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About Catfish

Catfish are widespread and abundant in Northern California lakes, rivers, sloughs, canals and farm ponds. Despite their unappetizing appearance ans somewhat negative image, catfish are very good eating. (Catfish are not as difficult to clean as one might suspect, either.)

The delicious meals provided by catfish are attested to by the existence of hundreds of catfish farms, primarily in the Southeastern U.S. where these fish are raised and sold to restaurants and food stores. They get large too. California state records for blue and channel catfish are in the 50-60 pound range.

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How to Catch Catfish – Best Fishing Techniques

Catfishing means still fishing. And catfish means warm weather fishing since these critters like warm water and are most active when lakes, ponds and rivers warm up in the late spring, summer and early fall. Boats are not needed for catfishing.

Simply find a spot on shore where you have enough room to cast out your weighted rig. Let it sink to the bottom. Snug up the line. And wait for the prowling whiskerfish to find your offering. A bank, dock or pier where you can sit on a comfortable chair makes things perfect.

The best catfishing and the largest catfish (they can weigh 5, 10, 20 pounds or more) are often caught after dark. From dark to midnight and the several hours before sunup are particularly good. But many catfish, including big ones, are caught on lazy summer afternoons.

Bring several baits along. If one doesn’t produce, try something else. Often, this single maneuver can make all the difference.

Tackle and Equipment

Any rod and reel combination that can cast out a rig with a 1/2-6 oz. sinker will do just fine. These include specialized bass fishing tackle, light to medium spinning equipment and surf casting equipment.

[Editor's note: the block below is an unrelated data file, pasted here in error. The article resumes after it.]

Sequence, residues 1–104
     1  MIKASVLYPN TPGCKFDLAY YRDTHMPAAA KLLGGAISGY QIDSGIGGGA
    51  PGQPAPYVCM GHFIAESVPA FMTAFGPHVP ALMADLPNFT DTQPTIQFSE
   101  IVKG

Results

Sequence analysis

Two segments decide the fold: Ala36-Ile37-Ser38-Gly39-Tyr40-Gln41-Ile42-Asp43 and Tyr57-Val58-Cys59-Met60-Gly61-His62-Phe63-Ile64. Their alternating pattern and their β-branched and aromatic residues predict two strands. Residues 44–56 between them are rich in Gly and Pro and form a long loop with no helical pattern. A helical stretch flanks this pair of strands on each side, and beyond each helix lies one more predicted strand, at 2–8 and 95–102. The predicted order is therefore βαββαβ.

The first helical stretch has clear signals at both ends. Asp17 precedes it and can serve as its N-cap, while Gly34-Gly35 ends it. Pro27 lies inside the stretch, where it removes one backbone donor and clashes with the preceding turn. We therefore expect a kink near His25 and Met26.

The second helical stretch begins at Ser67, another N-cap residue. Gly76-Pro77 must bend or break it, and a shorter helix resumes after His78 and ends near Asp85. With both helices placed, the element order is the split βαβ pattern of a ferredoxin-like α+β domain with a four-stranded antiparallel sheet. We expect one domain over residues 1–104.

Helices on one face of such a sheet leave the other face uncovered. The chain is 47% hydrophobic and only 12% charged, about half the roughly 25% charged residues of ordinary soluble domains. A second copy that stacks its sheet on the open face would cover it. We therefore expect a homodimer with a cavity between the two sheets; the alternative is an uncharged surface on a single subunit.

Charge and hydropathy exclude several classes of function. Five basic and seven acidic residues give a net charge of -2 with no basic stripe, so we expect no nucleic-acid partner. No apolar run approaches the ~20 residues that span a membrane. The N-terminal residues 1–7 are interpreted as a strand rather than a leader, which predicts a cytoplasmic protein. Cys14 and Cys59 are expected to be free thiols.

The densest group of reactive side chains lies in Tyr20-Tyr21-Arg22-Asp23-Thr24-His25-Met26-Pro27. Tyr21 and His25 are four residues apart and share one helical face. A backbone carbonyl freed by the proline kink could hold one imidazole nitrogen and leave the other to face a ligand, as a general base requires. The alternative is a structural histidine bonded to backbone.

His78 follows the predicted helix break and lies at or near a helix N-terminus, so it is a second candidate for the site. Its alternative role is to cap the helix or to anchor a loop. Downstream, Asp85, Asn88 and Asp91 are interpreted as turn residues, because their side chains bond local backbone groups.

In some situations, you’ll probably be better off with a longer rod (7-8 feet), so longer casts are possible. Use monofilament line, at least 10 pound test. But heavier line such as 15-20 pound test is no problem.

Best Catfish Bait and Rigging

Catfish will eat almost anything, and they feed by both sight and smell. Their smell sensors are on their whiskers. In fact, some catfish bait are often referred to as stink baits because, at times, it seems that catfish prefer smelly offerings such as beef liver, coagulated blood, chicken entrails, etc.

In Northern California some of the most successful baits are less repulsive. These include fresh clams (keep them on ice, pry them open with a knife, thread hook through hard outer edges), nightcrawlers, anchovies, red worms, sardine chunks and chicken livers.

A popular alternative to the conventional catfish rig is the sliding sinker rig. (for a specific description, please see Striped Bass section). Some anglers use a treble hook which helps hold on the bait. Use enough weight to get the casting distance you want and to hold the rig on the bottom if there is a current. Some anglers prefer a dipsey sinker. It has a flat metal rim around the edge which makes it flutter up on a quick retrieve, so it’s less likely to get caught in rock crevices and roots.

Where to Fish for Catfish

Some of the best spots are in the lakes and reservoirs. The Delta and Sacramento Valley rivers are also very good. (Please see the Fresh Water Fishing, Delta Fishing and Central Valley River posts.)

Night fishing is legal in many waters. In the Bay Area some of the best after dark catfish action occurs at Parkway, Chabot, Shadow Cliffs, Del Valle and San Pablo. Check the hours on these waters. Clear Lake, Berryessa, the Delta, Pine Flat, Don Pedro and New Melones can be fished all night. Sacramento area anglers can pursue big whiskerfish at night at Black Butte, East Park, Camp Far West, Bullards Bar, Shasta, and foothill farm ponds.

Cleaning and Cooking

The first step in catfish cleaning is skin removal. To skin a catfish, cut through the skin all around the fish just below the gill cover. Then using a pliers, pull the skin down the fish while holding the fish’s gills. Be careful not to be poked by the sharp pectoral and dorsal fin spines.

Some people nip these off with wire cutters. For larger fish it is suggested that the fish be nailed (through the head) to a tree trunk or fence post using an adequately sized spike. The skinned catfish can then be filleted or steaked. (Please see Fish Cleaning Section for more details). Catfish skin is flaky, mild and has a moist texture. It is good sauteed, fried or poached.

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